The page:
The Ingredients for Holy Ground©
I want you to think about a holy ground or holy space – what is the first place that comes to mind? What makes it holy to you?
Last week, we were in the mountains of Georgia at Camp Ramah Darom's Winter Break Family Camp. The camp has been our home away from home for many years as individuals and as a couple, but for the last seven winters, we were able to share that feeling with our three children, which is truly a blessing. We get to experience this place which has done so much for our family, literally creating it, together. This was a bitter sweet family camp because after seven winters, we will not be returning so it gives me pause to reflect upon an idea that we are introduced to again in this week and last week's parashah, holy space.
So how does a space or ground become holy? First, I want to share the story of how Ramah Darom started, and I learned about it from an old friend who came with his family to Ramah this Winter. He was family friends with one of the board members, and they decided to take a trip to North Georgia to check out a long-abandoned camp called Tumbling Waters. They stayed in a small cabin that had bats in the ceiling. Scared and frightened, they said, well, this is the place! But it was just a place – no memories, no feeling, literally a plot of land. But it wasn't just a plot of land – it was a holy container waiting to be filled up. And so I'd like to reflect on this idea, of the ingredients of what makes up holy space or holy ground, no matter where we are, and why God wants us to.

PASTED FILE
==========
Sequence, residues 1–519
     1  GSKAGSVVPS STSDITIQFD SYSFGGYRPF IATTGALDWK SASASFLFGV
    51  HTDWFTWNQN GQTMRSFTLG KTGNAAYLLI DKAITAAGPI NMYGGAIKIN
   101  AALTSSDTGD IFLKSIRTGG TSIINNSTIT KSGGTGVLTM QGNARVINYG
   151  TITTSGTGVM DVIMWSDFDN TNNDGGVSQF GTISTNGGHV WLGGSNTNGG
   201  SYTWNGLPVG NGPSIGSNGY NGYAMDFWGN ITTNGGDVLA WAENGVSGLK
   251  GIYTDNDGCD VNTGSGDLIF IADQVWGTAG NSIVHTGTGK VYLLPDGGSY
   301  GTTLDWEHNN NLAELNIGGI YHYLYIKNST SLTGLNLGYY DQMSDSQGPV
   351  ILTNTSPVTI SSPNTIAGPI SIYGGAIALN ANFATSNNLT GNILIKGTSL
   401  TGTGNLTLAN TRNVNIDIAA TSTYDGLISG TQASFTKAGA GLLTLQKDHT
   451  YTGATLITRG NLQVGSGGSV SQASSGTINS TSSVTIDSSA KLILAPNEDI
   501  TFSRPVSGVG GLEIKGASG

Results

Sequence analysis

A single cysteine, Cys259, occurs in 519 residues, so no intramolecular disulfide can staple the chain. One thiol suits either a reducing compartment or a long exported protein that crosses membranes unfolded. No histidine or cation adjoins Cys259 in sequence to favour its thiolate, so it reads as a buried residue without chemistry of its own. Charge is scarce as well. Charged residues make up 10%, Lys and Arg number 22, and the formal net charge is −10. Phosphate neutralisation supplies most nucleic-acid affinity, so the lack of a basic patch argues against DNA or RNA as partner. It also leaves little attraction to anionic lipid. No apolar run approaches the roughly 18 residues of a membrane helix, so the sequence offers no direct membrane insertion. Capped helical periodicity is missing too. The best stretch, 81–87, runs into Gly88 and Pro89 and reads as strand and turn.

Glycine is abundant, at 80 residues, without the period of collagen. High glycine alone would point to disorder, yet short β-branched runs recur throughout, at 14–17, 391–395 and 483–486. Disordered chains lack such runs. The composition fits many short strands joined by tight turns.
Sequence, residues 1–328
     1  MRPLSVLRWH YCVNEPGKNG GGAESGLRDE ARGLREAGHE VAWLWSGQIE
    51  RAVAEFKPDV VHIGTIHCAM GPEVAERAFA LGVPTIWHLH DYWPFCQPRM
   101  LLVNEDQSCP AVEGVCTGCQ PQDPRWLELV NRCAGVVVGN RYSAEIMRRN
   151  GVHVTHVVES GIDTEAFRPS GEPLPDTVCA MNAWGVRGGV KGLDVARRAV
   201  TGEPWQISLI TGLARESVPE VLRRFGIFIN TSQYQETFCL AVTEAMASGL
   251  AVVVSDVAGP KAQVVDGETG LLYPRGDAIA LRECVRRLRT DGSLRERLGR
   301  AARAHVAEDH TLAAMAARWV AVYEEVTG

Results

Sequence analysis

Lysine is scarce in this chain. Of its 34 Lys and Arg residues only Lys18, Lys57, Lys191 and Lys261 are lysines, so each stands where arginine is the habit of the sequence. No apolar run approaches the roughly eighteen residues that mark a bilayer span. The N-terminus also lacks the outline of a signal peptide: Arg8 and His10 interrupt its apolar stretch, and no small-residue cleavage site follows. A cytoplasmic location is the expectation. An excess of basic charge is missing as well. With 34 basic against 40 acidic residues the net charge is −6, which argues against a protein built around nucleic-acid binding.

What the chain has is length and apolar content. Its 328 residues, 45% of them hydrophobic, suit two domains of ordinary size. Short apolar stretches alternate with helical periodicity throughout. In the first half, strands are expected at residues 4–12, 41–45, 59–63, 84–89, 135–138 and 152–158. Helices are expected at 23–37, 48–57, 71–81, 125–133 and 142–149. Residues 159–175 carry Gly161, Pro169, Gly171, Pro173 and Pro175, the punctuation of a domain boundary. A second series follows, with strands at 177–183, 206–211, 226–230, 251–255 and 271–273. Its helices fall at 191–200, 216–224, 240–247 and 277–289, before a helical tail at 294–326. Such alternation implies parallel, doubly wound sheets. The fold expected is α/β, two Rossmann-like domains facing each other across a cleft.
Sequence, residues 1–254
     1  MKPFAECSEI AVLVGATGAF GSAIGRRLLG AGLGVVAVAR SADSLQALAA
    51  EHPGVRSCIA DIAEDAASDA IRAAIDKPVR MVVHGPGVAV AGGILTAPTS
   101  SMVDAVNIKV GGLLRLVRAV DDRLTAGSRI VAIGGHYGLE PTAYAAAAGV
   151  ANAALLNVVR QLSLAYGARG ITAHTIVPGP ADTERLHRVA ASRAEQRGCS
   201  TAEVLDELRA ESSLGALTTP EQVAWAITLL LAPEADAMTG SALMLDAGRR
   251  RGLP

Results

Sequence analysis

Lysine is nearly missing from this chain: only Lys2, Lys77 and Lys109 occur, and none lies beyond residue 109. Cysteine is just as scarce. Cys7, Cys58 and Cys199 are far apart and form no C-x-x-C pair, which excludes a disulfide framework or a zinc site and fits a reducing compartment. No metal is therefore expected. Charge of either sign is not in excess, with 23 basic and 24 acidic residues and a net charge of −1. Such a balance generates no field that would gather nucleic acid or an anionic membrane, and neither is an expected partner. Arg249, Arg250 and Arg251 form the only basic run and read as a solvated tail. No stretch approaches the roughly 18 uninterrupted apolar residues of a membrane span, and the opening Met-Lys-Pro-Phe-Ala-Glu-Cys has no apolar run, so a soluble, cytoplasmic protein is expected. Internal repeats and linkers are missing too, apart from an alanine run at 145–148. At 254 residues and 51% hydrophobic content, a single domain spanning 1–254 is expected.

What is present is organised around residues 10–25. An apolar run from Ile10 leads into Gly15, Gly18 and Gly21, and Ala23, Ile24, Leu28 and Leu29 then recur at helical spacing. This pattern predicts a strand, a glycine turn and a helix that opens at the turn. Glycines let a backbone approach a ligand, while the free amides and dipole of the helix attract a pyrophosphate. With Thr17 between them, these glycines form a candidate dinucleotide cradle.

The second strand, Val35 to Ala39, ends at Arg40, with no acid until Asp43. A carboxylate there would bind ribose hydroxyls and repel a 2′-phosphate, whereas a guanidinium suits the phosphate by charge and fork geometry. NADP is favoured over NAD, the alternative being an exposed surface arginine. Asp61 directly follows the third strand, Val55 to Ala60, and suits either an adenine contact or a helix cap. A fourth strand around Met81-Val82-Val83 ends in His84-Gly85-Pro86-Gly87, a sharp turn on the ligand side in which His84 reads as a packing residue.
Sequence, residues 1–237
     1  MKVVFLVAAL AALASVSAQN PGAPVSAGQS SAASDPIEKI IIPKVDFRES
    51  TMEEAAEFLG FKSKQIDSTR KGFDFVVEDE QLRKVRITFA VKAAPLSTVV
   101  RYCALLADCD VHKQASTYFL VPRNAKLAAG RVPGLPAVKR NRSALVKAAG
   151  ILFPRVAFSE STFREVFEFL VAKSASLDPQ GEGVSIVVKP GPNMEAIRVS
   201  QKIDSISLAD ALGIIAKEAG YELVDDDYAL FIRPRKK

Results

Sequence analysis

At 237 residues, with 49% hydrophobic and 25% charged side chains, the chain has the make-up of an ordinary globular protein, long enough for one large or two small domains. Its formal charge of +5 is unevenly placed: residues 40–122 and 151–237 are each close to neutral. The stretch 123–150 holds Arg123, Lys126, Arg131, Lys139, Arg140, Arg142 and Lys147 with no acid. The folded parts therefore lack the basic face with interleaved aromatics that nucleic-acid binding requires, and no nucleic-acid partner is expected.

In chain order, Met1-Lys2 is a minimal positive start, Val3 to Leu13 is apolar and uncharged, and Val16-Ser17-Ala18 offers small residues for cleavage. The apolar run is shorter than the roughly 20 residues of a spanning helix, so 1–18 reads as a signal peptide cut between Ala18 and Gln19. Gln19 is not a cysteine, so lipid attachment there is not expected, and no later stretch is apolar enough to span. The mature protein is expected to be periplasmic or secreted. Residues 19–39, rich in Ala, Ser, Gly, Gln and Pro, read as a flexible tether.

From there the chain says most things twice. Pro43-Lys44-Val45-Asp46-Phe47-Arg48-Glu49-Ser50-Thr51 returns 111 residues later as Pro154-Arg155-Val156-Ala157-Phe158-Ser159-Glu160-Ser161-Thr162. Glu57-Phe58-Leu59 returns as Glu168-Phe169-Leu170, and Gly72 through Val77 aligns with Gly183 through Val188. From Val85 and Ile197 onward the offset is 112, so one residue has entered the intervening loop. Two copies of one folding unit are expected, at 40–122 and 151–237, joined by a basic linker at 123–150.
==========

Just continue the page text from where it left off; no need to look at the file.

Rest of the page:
Let's look at our first story which I was inspired by this tree as I stepped out of our cabin.
This is before Moses is a prophet, when he is a lowly Sheppard, taking this flock on a humble mountain, not very impressive at all according to the rabbis. But on this humble and nondescript mountain, he sees an extraordinary sight in the most ordinary of places, a thorn bush. He sees a bush aflame, but not consumed, and an angel of the Lord appears to him out of the fire.
And He said, “Do not come closer. Remove your sandals from your feet, for the place on which you stand is holy ground.
Moses must have been very puzzled – what's the big deal about this place? What makes it holy? The commentators were also puzzled. Nachmonides, a famous French Medieval commentator, says, he was still distant from the bush, but God warns him to take off his shoes even in that place because the whole mountain was rendered holy by the descent of the Shekhinah (divine presence) to its peak, just as at the time of the giving of the Torah. We often think it is holy because of this miraculous bush, but it is holy for another reason: one day, this will be the site where God will give Moses and Bnai Israel the Torah – it is a place pregnant with holiness and this is the moment when the seed is planted.
Think back to places that you deem are Admat Kodesh, holy ground. They didn't start out that way did they? When I first came to Ramah, I saw some shabby cabins, a mess hall that shook when too many people were inside singing, and lots of hills. But it is holy because of what we created together. Torah was not only taught, but lived.
The ingredients for a holy container? In my eyes, it is simple – it's not necessarily miracles like a burning bush, but the miracle that will occur there, when Torah, the tree of life, will flourish.
And now, our second story...
Remember that phrase that you cannot get out of your head because of Charlton Heston – Let My People Go. But the first time we see it, it's not exactly Let My People Go; here is the whole quote:
Afterward Moses and Aaron went and said to Pharaoh, “Thus says the LORD, the God of Israel: Let My people go that they may celebrate a festival for Me in the wilderness.”